Within the income measure of GDP, all 4 components showed growth between Quarter 3 2016 and Quarter 4 2016, with taxes on products and production less subsidies showing the largest growth of 4.8% mainly due to a rise in Value Added Tax and other taxes on products which has been partially offset by an increase in subsidies.
Compensation of employees, which includes wages and salaries and pensions, showed positive growth of 0.4% in Quarter 4 2016. There was positive growth within the wages and salaries data driven mainly by a rise in average weekly earnings in the private sector, which has been partially offset by weaker growth within the Employer’s Social Contributions data in the latest quarter.
Compensation of employees has been revised upward by 0.3 percentage points from the second estimate of GDP. There were two significant revisions in the data. For wages and salaries, local and central government revised their levels up from Quarter 2 (Apr to June) 2016 onwards. For employer’s contributions, there has been a £1 billion downward revision to funded pensions schemes in Quarter 3 2016; as a result the rate of growth from Quarter 3 2016 into Quarter 4 2016 has increased despite an actual downward revision in the Quarter 4 2016 levels (negative £400 million). This data was sourced from the financial inquiries survey.
In Quarter 4 2016, gross operating surplus of corporations, the profits of companies, shows positive growth of 2.7%, revised down by 1.8 percentage points from the second estimate of GDP. The main driver of this downward revision is the replacement of quite strong forecast data for insurance companies with survey data that showed weaker investment returns. The MQ5: Investment by Insurance Companies, Pension Funds and Trusts bulletin showed that insurance companies have disinvested in large parts of 2016 particularly in overseas securities, the reduction in returns could be linked to this disinvestment.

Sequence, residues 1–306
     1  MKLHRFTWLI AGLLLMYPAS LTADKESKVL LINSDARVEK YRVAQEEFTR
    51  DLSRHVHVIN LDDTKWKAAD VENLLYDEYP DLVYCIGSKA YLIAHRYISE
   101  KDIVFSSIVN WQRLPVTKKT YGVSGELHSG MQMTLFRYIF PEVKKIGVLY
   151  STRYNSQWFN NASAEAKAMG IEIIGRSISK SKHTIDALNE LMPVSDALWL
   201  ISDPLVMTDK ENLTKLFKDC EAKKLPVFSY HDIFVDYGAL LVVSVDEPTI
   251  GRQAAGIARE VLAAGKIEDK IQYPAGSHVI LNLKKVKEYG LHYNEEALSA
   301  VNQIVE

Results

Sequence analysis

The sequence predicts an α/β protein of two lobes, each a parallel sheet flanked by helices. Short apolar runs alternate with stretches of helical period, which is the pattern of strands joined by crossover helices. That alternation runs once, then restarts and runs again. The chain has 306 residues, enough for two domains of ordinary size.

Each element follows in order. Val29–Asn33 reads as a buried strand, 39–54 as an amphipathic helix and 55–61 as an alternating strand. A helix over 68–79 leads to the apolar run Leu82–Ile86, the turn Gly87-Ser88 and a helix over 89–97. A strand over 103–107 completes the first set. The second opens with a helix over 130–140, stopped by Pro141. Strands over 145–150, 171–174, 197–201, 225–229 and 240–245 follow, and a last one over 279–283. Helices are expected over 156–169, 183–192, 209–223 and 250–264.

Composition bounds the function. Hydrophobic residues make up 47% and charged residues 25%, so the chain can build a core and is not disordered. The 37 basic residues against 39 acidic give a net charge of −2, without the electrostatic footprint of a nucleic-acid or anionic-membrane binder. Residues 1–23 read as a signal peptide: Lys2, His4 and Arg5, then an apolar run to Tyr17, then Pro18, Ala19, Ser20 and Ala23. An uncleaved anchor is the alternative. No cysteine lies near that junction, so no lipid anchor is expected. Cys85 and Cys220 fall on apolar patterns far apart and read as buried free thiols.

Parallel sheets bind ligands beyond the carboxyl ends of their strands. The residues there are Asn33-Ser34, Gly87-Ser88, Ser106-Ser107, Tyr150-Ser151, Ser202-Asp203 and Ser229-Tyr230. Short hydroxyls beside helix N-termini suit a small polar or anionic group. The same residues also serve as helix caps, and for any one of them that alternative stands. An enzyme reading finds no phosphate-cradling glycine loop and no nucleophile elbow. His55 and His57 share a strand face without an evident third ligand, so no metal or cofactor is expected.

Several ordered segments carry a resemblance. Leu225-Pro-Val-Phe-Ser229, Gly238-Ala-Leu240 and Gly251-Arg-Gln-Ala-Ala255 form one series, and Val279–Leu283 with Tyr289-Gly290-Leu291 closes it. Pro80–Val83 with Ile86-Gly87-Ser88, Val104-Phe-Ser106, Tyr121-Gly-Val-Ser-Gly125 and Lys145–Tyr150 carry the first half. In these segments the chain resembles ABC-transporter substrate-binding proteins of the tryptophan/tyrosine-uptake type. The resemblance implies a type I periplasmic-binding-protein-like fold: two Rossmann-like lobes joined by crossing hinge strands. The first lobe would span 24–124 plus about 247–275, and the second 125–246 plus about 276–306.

GDP per head for Quarter 4 (Oct to Dec) 2016
In Quarter 4 (Oct to Dec) 2016, gross domestic product (GDP) per head increased by 0.5%, compared with Quarter 3 (July to Sept) 2016 and is unrevised from the second estimate of GDP published on 22 February 2017. GDP per head is now 1.7% above the GDP pre-downturn peak in Quarter 1 (Jan to Mar) 2008, having surpassed it in Quarter 4 2015 (Figure 2).
Between 2015 and 2016, GDP per head increased by 1.1% compared with growth of 1.4% between 2014 and 2015 and is unrevised from the previous estimate.
GDP per head is calculated by dividing GDP in chained volume measures by the latest population estimates and projections. The population estimates used in this release are those published on 23 June 2016 and the population projections used are those published on 29 October 2015.Nôl i'r tabl cynnwys
The largest component within the output approach of gross domestic product (GDP) is the services industry with a weight of 78.8%.
Figure 3 shows the services industry has dominated GDP growth in Quarter 4 (Oct to Dec) 2016 and has contributed 0.6 percentage points to the 0.7% UK GDP quarterly growth. Within services, the largest contributor to growth was distribution, hotels and catering.
Figure 4 shows the quarterly contribution of the expenditure components to the growth of GDP in chained volume measures. For Quarter 4 2016, the largest positive contribution to GDP came from net trade, which contributed 1.7 percentage points. The negative contributions to GDP came from gross capital formation, which contributed a negative 1.6 percentage points. The contributions from net trade and gross capital formation are mainly offsetting as data for non-monetary gold – the main driver behind the movements in net trade (trade in goods) and gross capital formation (acquisitions less disposals of valuables component) – feeds into both components but offset each other, in effect making non-monetary gold GDP neutral. This article provides further details on the treatment of non-monetary gold within national accounts.
In the latest quarter, as in many recent periods, household final consumption expenditure (the largest component within expenditure (60%)) has continued to make a positive contribution to GDP; 0.4 percentage points in Quarter 4 2016, unrevised from the second estimate of GDP published on 22 February 2017.
Figure 5 shows the contribution made by income components to current price GDP. In Quarter 4 2016, the largest positive contributions to GDP came from gross operating surplus of corporations and taxes on products and production less subsidies, both of which contributed 0.6 percentage points.
Nôl i'r tabl cynnwys
UK gross domestic product (GDP) in Quarter 3 (July to Sept) 2016 is 0.5%, revised down by 0.1 percentage points from the second estimate of GDP published on 22 February 2017.
Both the expenditure and income measures of GDP saw similar downward revisions (£0.7 billion) in Quarter 3 2016 and contributed to the overall downward revision to UK GDP in Quarter 3 2016.